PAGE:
I was introduced to (and wrote about) singer/songwriter Jason Spooner‘s latest album, Sea Monster, back in late November 2010, when Damien Goyenechea of Sarathan Online Services sent me a link to Seed In The Ground, one of the songs from the new release. After hearing some of the New England-based musician’s work, I was fortunate enough to do an email interview with Spooner about his music and overall creative approach. I hope you enjoy reading the interview as much as I got a kick out of conducting the interview.
Tim O’Shea: Not many musicians can walk into a Starbucks and hear their own music. How was it that your new album got added to the overhead rotation?
Jason Spooner: A few years back, we were selected for a Starbucks Music Makers competition. About 10 bands form the Northeast bands went down to the Hard Rock Cafe in Boston… one of those deals where you play 3 songs and wait around to find out if you won. Well, we didn’t win… but one of the judges told me (on the down-low) that the one guy who was there from Hear Music (Starbucks’ Music Label) was really pulling for us to win. I ended up getting the guy’s contact info. and we kept in touch. It’s one of those “silver lining” stories I suppose. I find that having a good attitude as an artist is a good way to encourage positive results, even when it doesn’t immediately appear to be a positive situation (ie: schlepping down to Boston and losing a competition).
O’Shea: Rather than trying to get airplay solely on terrestrial/traditional radio, you appear to be a musician that also targets satellite radio. How much has projects like Live from the Loft helped get the word out about your music?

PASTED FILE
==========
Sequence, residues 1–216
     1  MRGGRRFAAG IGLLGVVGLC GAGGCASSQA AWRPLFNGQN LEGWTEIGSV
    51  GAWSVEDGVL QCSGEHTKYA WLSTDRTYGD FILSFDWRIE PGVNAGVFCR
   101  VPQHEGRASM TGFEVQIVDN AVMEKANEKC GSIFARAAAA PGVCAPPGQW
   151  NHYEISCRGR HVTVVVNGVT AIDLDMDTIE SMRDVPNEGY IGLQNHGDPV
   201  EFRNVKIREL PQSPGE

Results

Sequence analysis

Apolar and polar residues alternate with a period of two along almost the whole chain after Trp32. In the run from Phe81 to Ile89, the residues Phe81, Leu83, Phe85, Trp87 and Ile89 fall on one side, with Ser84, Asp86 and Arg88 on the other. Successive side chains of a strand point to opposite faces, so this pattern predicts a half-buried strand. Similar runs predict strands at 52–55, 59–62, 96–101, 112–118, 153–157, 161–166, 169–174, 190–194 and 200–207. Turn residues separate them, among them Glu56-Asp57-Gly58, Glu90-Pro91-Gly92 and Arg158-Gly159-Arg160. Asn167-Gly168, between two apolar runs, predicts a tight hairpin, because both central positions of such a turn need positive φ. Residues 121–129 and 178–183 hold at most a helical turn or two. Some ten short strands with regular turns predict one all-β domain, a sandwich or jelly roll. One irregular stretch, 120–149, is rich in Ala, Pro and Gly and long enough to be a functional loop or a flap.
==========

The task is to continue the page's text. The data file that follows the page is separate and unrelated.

Spooner: Well, it’s a fairly predictable answer… sheer numbers. We love the fact that we’ve managed to take an indie record and make a visible dent on the AAA radio charts (we were #18 on the BDS Indicator chart last week) but the reality is that airplay in a single market is just that… airplay in a single market. It’s a great way to raise awareness about your music but you need to be willing to tour in that market to really take advantage of the exposure. We’ve certainly tried to do that and it’s been a good strategy in terms of developing a fan base.
Sirius/XM is a different animal because of the fact that you’re talking about a national audience in that case. When one of our tunes spins on The Loft, it’s spinning in every market in every state nationwide. Your name and album title is showing up on the display of every stereo and car stereo that is tuned into that channel at the time. The exposure is massive and unparalleled… it’s hard to beat.
We’re also lucky with The Loft specifically… because they are very into having their artists come in and play live. They invited us down to record a live in-studio performance so we got a taste of their incredible studio where folks like Paul McCartney and Bonnie Raitt have performed. We generally cringe when we hear our radio sets (because the engineering is usually very rudimentary and basic… one mic, no effects, etc,) but the XM session sounded phenomenal. They agreed and told us that we were welcome to release it as a live album… even encouraged us to do so. We put it out in 2008 as a live ep and fans really love it because of the energy that we captured.
O’Shea: In a recent Down East interview you confessed to binging on the songs of JJ Cale, what is it about Cale’s work that appeals to you?
Spooner: The great thing for me about discovering JJ Cale was that it felt like coming across a huge treasure chest buried in the sand… here was a classic artist with decades of phenomenal material just waiting for me to dig in. That’s an amazing feeling… when you know you’ve come across something special and there’s A LOT of it.